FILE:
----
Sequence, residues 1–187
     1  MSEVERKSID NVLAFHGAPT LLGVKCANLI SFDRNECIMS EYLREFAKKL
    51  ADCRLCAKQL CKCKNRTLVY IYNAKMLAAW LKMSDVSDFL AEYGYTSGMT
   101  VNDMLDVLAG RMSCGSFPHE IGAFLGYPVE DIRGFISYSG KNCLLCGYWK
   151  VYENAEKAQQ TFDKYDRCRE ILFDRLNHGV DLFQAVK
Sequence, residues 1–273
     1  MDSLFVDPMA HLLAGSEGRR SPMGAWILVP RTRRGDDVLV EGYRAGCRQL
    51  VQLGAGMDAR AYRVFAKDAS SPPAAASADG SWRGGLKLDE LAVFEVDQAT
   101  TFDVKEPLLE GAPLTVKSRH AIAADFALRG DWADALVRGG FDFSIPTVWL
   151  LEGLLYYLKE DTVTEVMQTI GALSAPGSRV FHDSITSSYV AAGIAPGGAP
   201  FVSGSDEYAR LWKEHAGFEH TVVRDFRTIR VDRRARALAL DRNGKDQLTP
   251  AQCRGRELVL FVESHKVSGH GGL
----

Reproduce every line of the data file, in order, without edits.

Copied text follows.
Sequence, residues 1–187
     1  MSEVERKSID NVLAFHGAPT LLGVKCANLI SFDRNECIMS EYLREFAKKL
    51  ADCRLCAKQL CKCKNRTLVY IYNAKMLAAW LKMSDVSDFL AEYGYTSGMT
   101  VNDMLDVLAG RMSCGSFPHE IGAFLGYPVE DIRGFISYSG KNCLLCGYWK
   151  VYENAEKAQQ TFDKYDRCRE ILFDRLNHGV DLFQAVK
Sequence, residues 1–273
     1  MDSLFVDPMA HLLAGSEGRR SPMGAWILVP RTRRGDDVLV EGYRAGCRQL
    51  VQLGAGMDAR AYRVFAKDAS SPPAAASADG SWRGGLKLDE LAVFEVDQAT
   101  TFDVKEPLLE GAPLTVKSRH AIAADFALRG DWADALVRGG FDFSIPTVWL
   151  LEGLLYYLKE DTVTEVMQTI GALSAPGSRV FHDSITSSYV AAGIAPGGAP
   201  FVSGSDEYAR LWKEHAGFEH TVVRDFRTIR VDRRARALAL DRNGKDQLTP
   251  AQCRGRELVL FVESHKVSGH GGL